This Stalin-Mask Selfie App Is Trending on Russian Instagram

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Russia’s hottest new selfie video app, MSQRD (pronounced “masquerade”), has taken Instagram by storm this year, the Moscow Times reports. The app lets you put on all kinds of virtual “masks” and watch them move as you move your face. There are bunny ears, exaggerated tears, KISS makeup, and the faces of a tiger, bear, or gorilla. And, strangest and best of all, there’s Joseph Stalin.

And the Stalin mask isn’t just an option in MSQRD — it’s the default option. The first time you start up the app, you’ll see the mustachioed face of a brutal Soviet dictator staring back at you. It’s both jarring and strangely hilarious, and Russian Instagrammers love it.

An important message from Joseph Stalin #msqrd #josephstalin

A video posted by @mixedvegetables on


#josephstalin #msqrdme #funtime #funtimewithjosephstalin #goodapplication

A photo posted by Valeron (@valeron.mezentsev) on

But what’s the source of the Stalingram’s appeal? Its absurdity is an obvious selling point, and there’s got to be some ironic appreciation in the mix, too. But the Moscow Times, while offering a wag of the finger to those who think “it’s fun to turn themselves into a dictator whose reign saw millions of people persecuted, imprisoned, tortured and killed,” suggests that attitudes toward Stalin have softened in Russia over the 60 years since his death.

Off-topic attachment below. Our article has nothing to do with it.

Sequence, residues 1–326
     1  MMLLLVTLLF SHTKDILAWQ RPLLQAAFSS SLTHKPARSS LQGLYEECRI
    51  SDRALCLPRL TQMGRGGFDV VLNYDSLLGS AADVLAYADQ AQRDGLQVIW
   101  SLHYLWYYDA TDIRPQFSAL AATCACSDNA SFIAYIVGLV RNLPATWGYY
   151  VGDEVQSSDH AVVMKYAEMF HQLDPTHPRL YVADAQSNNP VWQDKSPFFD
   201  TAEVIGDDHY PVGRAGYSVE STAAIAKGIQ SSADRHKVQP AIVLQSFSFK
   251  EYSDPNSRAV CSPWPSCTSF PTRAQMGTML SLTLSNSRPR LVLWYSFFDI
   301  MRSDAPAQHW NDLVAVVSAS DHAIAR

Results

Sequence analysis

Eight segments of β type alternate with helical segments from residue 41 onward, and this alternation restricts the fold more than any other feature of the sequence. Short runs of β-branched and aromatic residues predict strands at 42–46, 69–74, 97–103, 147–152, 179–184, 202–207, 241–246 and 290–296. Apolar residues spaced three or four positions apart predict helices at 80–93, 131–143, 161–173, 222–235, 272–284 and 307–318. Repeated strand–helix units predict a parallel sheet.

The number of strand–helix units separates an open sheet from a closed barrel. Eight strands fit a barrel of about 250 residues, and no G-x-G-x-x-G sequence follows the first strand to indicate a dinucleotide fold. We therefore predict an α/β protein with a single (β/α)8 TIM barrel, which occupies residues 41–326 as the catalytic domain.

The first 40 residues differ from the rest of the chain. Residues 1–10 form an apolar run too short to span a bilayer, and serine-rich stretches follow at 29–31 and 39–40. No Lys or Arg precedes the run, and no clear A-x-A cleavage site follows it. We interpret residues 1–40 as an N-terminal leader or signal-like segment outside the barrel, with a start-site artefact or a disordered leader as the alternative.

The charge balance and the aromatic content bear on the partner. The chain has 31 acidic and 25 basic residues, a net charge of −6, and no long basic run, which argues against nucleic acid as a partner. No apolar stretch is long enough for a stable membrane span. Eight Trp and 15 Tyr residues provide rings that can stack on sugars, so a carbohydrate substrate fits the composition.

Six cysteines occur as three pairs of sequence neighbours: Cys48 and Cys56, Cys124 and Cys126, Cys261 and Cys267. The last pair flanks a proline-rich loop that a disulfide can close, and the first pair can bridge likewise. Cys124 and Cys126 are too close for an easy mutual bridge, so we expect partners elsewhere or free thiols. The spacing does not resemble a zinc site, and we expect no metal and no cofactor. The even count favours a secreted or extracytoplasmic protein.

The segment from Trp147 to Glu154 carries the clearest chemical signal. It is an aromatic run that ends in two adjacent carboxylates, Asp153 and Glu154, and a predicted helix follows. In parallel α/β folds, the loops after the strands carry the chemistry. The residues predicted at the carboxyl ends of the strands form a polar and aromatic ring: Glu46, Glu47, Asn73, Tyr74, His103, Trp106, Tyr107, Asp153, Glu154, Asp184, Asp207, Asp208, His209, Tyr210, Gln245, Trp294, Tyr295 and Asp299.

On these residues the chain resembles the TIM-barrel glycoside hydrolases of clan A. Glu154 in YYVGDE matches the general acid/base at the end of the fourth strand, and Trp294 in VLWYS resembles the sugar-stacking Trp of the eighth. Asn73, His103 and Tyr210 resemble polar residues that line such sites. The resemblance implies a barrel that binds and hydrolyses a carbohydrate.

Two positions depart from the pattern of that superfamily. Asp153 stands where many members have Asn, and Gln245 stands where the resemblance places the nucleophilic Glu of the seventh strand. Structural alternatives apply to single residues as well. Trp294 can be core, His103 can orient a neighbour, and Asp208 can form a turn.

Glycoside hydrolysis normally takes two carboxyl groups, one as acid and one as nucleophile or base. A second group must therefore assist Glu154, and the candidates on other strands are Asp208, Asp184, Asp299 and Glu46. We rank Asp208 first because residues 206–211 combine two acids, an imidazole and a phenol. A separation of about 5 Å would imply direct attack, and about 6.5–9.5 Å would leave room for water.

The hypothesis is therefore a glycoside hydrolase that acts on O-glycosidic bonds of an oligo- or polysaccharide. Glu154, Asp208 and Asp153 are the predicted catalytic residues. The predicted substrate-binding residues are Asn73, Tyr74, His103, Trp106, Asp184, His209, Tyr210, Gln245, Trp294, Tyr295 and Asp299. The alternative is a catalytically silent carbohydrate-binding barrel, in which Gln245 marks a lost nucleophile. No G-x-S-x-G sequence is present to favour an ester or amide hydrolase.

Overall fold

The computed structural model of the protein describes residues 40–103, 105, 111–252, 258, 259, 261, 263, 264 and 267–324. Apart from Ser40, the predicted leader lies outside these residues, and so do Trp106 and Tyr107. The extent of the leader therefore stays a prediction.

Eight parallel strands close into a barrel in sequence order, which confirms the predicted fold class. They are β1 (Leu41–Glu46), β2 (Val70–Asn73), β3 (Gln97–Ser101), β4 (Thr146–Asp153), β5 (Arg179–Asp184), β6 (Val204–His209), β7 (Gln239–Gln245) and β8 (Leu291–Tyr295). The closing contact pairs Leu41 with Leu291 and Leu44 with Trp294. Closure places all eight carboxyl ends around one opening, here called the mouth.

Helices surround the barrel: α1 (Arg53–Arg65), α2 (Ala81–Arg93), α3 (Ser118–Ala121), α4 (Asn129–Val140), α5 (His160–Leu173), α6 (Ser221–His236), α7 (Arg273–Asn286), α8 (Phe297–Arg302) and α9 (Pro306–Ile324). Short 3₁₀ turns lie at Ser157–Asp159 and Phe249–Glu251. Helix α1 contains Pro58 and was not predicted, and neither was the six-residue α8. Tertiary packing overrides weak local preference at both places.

His legacy is being revised, with some calling for a return to the policies Stalin implemented to “bring order” to Russia. Cultural institutions are celebrating him, and his poll numbers are up.

So, that’s one theory, as sideways as it sounds: Through the lens of history, millennial Russian selfie-takers might actually view Stalin as … cool?

Here’s another, maybe more plausible: It’s that mustache. Stalin may have killed millions as he forced the Soviet Union through industrialization, but his contribution to the digital age is one funny-ass face.

Try putting it on. It’s shocking at first, but seconds later, you just have to laugh. Sure, this futuristic facial-recognition app could be celebrating the merciless past, but it’s more likely it’s just laughing at it.